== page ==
Mapping loneliness during the coronavirus pandemic

Content originally from Office for National Statistics

After a year of lockdowns, social distancing, and restrictions on travel and gatherings, some groups of people have reported high rates of loneliness and poorer well-being in recent months.

Levels of loneliness in Great Britain have increased since spring 2020. Between 3 April and 3 May 2020, 5.0% of people (about 2.6 million adults) said that they felt lonely “often” or “always”. From October 2020 to February 2021, results from the Opinions and Lifestyle Survey (OPN) show that proportion increased to 7.2% of the adult population (about 3.7 million adults).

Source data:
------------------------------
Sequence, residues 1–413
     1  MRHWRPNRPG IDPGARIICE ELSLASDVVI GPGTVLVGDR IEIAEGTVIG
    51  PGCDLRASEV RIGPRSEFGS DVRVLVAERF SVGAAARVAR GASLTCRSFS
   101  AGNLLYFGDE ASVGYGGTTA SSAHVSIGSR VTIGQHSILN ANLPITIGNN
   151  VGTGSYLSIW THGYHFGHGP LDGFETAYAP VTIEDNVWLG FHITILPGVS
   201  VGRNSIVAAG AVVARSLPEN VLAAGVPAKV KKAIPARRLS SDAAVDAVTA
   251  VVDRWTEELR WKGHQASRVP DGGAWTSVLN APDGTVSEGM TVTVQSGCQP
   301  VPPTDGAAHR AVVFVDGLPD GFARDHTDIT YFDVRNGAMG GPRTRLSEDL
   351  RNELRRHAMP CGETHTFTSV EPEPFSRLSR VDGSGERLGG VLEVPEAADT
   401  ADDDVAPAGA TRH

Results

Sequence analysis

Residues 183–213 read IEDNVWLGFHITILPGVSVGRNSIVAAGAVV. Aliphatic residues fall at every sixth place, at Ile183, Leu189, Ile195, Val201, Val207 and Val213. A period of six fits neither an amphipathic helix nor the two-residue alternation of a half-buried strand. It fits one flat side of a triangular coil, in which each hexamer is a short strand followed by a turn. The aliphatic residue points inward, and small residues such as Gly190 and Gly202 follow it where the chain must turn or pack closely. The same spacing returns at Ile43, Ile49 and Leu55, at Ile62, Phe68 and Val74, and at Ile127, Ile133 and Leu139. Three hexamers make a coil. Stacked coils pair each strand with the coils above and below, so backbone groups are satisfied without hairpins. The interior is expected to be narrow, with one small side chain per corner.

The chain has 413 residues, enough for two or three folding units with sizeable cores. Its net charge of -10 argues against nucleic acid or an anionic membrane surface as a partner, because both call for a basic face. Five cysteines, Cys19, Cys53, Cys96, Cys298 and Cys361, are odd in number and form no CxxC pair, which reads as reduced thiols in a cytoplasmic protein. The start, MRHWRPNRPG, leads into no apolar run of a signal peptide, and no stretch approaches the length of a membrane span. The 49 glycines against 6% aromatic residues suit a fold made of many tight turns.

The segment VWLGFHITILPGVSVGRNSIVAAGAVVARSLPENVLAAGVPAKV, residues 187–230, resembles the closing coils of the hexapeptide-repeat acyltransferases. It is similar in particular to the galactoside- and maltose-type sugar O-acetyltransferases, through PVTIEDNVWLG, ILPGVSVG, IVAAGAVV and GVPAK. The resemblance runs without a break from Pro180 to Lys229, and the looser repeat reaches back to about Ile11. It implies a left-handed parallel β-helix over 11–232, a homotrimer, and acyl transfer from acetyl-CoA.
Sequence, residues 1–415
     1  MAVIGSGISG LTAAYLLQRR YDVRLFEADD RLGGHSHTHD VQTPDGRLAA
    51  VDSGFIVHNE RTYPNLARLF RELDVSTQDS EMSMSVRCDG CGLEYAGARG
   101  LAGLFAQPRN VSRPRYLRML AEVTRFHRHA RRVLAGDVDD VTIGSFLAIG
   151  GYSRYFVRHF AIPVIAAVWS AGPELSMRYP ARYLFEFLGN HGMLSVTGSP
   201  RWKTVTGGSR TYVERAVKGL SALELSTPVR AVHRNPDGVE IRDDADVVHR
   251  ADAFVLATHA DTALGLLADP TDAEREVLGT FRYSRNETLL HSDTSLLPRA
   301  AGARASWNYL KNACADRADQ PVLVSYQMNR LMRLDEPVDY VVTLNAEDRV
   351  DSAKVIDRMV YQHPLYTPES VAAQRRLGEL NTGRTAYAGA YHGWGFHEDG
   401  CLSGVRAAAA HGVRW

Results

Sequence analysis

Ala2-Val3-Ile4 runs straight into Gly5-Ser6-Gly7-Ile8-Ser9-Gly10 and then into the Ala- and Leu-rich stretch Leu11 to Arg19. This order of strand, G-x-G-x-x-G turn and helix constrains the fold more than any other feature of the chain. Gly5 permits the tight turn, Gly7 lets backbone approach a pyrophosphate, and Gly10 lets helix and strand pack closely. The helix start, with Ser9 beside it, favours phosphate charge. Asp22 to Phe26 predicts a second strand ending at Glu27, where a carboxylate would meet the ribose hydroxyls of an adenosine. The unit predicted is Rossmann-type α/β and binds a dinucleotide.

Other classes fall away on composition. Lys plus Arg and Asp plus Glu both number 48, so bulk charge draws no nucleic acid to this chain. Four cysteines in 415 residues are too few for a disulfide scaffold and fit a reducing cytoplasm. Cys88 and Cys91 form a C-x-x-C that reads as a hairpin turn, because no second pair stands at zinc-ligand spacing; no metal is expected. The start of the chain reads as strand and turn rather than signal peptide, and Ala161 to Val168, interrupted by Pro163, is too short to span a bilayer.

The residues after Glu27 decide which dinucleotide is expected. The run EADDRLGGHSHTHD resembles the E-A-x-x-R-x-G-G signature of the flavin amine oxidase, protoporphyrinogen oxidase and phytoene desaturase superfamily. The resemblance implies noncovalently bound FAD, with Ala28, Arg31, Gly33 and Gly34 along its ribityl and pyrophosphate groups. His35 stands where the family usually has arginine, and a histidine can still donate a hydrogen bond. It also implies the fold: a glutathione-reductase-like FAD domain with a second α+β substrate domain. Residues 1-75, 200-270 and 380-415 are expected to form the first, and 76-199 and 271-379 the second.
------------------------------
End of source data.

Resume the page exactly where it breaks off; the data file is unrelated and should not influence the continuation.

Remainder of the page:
Mapping trends across the country also shows the types of places where a higher proportion of people felt lonely often or always, and differences in personal well-being. Areas with a higher concentration of younger people (aged 16-24) and areas with higher rates of unemployment tended to have higher rates of loneliness during the study period (October 2020 to February 2021).

Local authorities in countryside areas also had a lower loneliness rate than urban, industrial, or other types of area.

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